Enterovirus 71 (EV71) has emerged as one of the most important enteroviruses since the eradication of poliovirus, and it causes severe neurological symptoms for which no effective antiviral drugs are available. Type I interferons (IFN) α/β have been used clinically as antiviral therapy as the first line of defense against virus infections successfully for decades. However, treatment with type I interferons has not been effective in patients with EV71 infection. In this study, we found that in cells pretreated with IFN-β, EV71 infection could still lead to a cytopathic effect, and the viral replication was not affected. The mechanism by which EV71 antagonizes interferon signaling, however, has been controversial. Our study indicated that EV71 infection did not inhibit phosphorylation of STAT1/2 induced by IFN-β stimulation, but p-STAT1/2 transport into the nucleus was significantly blocked. We showed that EV71 infection reduced the formation of STAT/karyopherin-α1 (KPNA1) complex upon interferon stimulation and that the virus down-regulated the expression of KPNA1, a nuclear localization signal receptor for p-STAT1. Using specific caspase inhibitors and siRNA for caspase-3, we demonstrated that EV71 infection induced degradation of cellular KPNA1 in a caspase-3-dependent manner, which led to decreased induction of interferon-inducible genes and IFN response. Viral 2A and 3C proteases did not degrade KPNA1, inhibit the activity of ISRE or suppress the transcription of interferon-inducible genes induced by IFN-β. Our study demonstrates a novel mechanism by which antiviral signaling is suppressed through degradation of KPNA1 by activated caspase-3 induced in an enteroviral infection.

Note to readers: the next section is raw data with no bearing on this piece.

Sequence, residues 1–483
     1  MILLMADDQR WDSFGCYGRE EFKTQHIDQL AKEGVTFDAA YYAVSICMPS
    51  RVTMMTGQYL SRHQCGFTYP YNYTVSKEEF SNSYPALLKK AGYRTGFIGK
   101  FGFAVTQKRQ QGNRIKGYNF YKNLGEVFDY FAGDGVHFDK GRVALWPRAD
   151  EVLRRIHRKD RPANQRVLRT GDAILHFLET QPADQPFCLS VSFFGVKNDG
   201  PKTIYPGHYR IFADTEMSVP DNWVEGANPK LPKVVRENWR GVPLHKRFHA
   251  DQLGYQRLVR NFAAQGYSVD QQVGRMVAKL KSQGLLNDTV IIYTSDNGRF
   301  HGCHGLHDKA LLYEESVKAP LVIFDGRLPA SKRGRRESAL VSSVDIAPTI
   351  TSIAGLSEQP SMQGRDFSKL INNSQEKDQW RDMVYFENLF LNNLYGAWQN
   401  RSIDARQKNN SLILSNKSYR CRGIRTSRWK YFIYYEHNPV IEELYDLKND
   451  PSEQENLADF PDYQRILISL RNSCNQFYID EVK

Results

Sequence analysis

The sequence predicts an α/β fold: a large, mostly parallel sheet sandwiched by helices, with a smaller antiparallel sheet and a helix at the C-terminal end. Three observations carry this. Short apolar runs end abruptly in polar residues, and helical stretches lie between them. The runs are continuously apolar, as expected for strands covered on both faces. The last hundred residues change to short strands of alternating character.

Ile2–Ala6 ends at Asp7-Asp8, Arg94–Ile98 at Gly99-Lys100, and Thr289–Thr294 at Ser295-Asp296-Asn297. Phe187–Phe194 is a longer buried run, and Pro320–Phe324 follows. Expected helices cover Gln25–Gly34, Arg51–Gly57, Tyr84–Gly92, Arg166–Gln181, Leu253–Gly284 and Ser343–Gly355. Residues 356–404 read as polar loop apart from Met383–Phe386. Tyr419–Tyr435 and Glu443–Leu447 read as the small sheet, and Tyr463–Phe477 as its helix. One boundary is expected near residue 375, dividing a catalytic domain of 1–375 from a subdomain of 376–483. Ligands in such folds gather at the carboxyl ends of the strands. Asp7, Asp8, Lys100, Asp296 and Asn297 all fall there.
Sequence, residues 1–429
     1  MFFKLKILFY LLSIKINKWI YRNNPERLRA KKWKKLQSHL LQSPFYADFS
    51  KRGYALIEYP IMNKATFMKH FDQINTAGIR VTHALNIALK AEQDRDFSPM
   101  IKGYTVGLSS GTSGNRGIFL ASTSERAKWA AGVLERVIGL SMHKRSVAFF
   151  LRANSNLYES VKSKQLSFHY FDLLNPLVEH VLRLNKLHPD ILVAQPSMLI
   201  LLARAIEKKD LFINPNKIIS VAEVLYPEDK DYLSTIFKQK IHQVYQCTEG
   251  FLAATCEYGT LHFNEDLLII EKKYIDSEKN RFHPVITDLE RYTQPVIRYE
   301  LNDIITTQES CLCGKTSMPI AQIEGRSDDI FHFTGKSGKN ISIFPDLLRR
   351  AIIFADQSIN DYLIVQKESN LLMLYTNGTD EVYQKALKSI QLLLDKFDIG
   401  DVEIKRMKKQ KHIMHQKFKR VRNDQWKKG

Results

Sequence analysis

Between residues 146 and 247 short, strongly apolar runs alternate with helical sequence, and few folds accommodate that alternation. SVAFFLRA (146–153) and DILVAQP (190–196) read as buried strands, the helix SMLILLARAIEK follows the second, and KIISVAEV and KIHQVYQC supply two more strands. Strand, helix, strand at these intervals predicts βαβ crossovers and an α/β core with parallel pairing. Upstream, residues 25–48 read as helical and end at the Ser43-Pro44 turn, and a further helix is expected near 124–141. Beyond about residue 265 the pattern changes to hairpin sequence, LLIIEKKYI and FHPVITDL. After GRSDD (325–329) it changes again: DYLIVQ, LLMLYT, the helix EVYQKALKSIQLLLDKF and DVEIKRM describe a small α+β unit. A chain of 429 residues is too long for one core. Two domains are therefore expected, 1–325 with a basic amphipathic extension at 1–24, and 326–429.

Bibliographical noteFunding Information:
This work was supported by National Natural Science Foundation of China Grant 81571993 (to Z. X.) and Natural Science Foundation of Jiangsu Province Grant BK20141078 (to Y. J.). The authors declare that they have no conflicts of interest with the contents of this article.
© 2017 by The American Society for Biochemistry and Molecular Biology, Inc.